Pass or Fail: Transitional Classes and other Retention/Social Promotion Alternatives

In this multi-part series, I provide a dissection of the phenomenon of retention and social promotion. Also, I describe the many different methods that would improve student instruction in classrooms and eliminate the need for retention and social promotion if combined effectively.

While reading this series, periodically ask yourself this question: Why are educators, parents and the American public complicit in a practice that does demonstrable harm to children and the competitive future of the country?

In my previous post, I discussed some suggestions for alternatives to social promotion and retention that include material customized to students’ interests and I’d like to continue that conversation here.

Some really workable solutions to sidestepping retention and social promotion include a focus on transitional classes for students, allowing promotion or enrollment in the following grade even while students repeat specific subjects or courses they failed in a previous year, with a primary focus on unlearned skills. Bucko suggests that stressing student ability is helpful in encouraging students to lean that they can be successful.

Siegel and Hanson propose direct instruction in basic skills, including the intensive one-on-one teaching of reading, writing, and arithmetic, as a strategy for helping four to six-year-olds with meeting basic academic standards.

Dawson suggests that schools should use instructional strategies or practices to alter retention, with cooperative learning and mastery learning strategies, direct instruction, adaptive education, individualized instruction, peer-tutoring, and curriculum-based assessments designed to initiate learning.

Some support options are more reactive, with Glasser proposing that students be encouraged to take responsibility for self-evaluation, beginning as early as the first grade. The emphasis on student self-grading emerges as a viable strategy for helping both students and teachers agree on the quality of work, with better grades being offered for improved performance.

Logically, it works to have a balance between applied supports and persuading students to take responsibility for their actions. The latter option theoretically supports a longer-term success rate. Encourage a child to be responsible, and you encourage them to take pride in and be attentive to the work they do.

Glasser also suggests the that courses with varying completion times and segregation points can be useful for struggling students. They suggest the need for an emphasis on quality rather than quantity in selecting courses. McDonald and Bean use an algebra course as an example, observing that if a student requires two years to achieve competence in algebra, they should be allowed that amount of time.

Glasser also proposes that students should receive accommodations in testing if required. In the Common Core era, this idea seems promising. In this proposal, students would be allowed to finish tests individually or cooperatively, with the amount of time allowed for a test being eliminated as a factor affecting the grade. Baku also suggests that classes be smaller and instruction more individualized.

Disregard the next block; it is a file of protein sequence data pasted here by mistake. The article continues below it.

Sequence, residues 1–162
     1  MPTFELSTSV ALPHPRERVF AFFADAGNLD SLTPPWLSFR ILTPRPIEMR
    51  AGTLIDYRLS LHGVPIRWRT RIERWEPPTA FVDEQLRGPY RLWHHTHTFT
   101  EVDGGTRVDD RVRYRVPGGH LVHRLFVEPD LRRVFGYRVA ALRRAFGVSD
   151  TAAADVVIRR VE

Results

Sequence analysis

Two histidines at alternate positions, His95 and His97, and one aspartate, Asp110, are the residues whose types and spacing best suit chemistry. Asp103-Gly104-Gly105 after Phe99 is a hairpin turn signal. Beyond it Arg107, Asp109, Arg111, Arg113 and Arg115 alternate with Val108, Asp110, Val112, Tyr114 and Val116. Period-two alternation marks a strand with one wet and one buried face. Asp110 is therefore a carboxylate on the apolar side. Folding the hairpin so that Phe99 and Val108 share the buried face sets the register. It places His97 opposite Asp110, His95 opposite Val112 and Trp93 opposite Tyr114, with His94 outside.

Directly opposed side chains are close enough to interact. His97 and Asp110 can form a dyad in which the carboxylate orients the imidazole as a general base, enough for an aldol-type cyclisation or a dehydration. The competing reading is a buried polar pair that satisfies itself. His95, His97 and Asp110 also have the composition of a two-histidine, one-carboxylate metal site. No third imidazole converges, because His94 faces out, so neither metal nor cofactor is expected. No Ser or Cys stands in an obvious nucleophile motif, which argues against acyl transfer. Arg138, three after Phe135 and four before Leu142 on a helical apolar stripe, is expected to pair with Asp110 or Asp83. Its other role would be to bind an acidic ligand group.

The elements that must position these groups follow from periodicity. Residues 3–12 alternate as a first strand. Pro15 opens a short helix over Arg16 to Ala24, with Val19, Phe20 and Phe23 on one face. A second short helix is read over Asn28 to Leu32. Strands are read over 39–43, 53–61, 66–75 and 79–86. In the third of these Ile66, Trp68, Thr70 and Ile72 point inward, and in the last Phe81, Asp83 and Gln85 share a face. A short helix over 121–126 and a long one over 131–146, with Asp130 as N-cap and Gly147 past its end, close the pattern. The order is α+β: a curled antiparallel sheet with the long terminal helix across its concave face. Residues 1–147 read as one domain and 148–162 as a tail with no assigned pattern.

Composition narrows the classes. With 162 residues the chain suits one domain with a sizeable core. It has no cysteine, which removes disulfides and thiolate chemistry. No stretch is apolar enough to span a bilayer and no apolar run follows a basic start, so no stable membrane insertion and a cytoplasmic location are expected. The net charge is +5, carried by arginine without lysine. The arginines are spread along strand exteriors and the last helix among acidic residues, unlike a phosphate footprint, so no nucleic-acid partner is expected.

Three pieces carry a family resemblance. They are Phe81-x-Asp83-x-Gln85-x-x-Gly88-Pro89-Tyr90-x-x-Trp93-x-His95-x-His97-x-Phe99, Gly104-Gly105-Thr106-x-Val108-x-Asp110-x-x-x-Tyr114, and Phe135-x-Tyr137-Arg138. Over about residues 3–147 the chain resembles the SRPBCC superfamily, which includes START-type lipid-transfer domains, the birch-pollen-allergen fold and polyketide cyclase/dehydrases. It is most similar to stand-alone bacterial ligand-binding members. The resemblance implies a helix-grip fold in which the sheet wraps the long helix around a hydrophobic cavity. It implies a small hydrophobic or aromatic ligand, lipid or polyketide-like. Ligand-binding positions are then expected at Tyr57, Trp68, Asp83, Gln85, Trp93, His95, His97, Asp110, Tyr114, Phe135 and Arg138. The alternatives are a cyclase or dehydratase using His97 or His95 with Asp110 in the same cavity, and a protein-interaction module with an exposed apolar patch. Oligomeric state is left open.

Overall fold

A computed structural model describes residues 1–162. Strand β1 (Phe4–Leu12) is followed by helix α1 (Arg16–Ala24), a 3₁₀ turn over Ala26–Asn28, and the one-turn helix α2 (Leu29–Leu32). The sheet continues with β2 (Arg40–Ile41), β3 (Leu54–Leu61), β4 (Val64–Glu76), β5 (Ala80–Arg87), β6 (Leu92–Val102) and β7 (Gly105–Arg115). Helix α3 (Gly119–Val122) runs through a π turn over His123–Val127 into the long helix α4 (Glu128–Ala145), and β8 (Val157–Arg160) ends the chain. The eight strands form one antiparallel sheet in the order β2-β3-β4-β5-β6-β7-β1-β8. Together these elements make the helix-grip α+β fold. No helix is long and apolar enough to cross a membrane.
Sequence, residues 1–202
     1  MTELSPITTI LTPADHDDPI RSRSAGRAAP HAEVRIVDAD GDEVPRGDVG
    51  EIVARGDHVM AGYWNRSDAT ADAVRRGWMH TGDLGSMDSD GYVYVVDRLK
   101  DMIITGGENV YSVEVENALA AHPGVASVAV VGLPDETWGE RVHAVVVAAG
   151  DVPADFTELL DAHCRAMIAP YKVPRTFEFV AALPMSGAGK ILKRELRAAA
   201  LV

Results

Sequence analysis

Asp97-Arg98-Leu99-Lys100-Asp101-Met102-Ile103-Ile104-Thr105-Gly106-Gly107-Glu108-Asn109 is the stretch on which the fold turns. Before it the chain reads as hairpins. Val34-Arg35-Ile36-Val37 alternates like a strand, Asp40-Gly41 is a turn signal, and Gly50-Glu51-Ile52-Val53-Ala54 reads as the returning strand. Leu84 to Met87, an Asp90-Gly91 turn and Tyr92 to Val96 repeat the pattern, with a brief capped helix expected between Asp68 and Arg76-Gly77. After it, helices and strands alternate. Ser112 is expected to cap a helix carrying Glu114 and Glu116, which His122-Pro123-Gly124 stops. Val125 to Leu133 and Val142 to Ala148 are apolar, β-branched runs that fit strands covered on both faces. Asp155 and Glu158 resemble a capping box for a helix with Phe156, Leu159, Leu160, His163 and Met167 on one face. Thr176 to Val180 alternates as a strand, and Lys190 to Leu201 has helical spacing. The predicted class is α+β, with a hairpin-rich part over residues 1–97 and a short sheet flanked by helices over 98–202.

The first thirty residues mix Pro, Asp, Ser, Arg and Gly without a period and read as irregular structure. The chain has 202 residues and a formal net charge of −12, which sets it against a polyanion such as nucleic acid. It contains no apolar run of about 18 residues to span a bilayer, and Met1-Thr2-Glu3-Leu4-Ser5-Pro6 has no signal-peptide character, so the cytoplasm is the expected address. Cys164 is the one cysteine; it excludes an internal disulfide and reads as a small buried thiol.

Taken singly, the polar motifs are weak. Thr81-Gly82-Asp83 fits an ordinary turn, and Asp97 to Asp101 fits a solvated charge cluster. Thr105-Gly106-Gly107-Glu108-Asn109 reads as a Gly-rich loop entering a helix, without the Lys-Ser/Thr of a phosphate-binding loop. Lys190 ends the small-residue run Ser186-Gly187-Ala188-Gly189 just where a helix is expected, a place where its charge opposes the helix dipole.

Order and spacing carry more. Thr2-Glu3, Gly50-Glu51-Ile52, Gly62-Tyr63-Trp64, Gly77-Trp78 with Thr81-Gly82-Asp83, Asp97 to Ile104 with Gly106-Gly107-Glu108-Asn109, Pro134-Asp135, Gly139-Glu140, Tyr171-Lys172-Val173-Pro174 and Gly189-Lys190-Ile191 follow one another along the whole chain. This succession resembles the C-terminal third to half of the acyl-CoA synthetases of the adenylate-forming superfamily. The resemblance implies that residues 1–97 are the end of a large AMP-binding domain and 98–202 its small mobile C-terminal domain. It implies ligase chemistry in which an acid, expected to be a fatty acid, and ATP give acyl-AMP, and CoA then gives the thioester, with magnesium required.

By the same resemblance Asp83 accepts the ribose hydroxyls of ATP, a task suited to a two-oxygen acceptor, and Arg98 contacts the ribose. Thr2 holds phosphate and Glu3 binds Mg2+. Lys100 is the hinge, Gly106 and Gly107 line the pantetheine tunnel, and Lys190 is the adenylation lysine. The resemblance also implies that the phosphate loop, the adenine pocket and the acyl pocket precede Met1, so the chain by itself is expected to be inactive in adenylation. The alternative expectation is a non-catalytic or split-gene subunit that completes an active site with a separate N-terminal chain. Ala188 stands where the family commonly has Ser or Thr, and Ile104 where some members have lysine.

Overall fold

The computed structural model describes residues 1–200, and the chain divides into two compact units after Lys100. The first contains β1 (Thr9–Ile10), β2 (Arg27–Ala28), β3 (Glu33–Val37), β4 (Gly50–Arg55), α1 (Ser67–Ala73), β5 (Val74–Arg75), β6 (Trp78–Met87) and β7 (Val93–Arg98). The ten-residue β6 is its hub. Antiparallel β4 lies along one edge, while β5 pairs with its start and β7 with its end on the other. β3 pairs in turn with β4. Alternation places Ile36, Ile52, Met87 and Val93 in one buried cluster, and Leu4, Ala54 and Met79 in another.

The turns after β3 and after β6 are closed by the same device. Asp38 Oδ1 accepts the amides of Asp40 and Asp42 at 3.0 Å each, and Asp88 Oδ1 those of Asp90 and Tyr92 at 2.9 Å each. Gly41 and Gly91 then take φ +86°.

For students who simply have trouble taking tests, or with the mastery of certain particular subjects, delayed testing also provides a good alternative to retention or social promotion. According to Newman, the practice of postponing testing may be beneficial for demonstrating accountability. Delayed testing may also be a workable option for those schools that administer minimum performance and achievement tests in March and April, leaving approximately two to three months the school with no clear objective.

Researchers have shown quite clearly that there is a correlation of between retention and the likelihood of dropping out. One of the strategies that these researchers have found to be effective in reducing dropout rates is having educators collaborate with other stakeholders on a regular basis to devise and implement more effective plans for student achievement.

Research consistently shows that community counselors work effectively at addressing issues like depression, substance abuse, aggression, and hopelessness; all potential barriers to an adolescent’s academic success. Lerner and others also emphasize in their research that educators should try to work collaboratively with community-based mental health agencies.

Another well-documented positive factor is parental involvement, which various researchers have noted is pivotal to student success. Hall and others, for instance, found that collaboration between school representatives and parents or guardians of students proved valuable in future education planning. Parental involvement to aid poorly performing children must, however, be carefully coordinated if it is to be effective. Counselors can help develop a plan or strategy for parents that will involve them in their child’s education.

Click here to read all my suggestions for alternatives to social promotion and retention.

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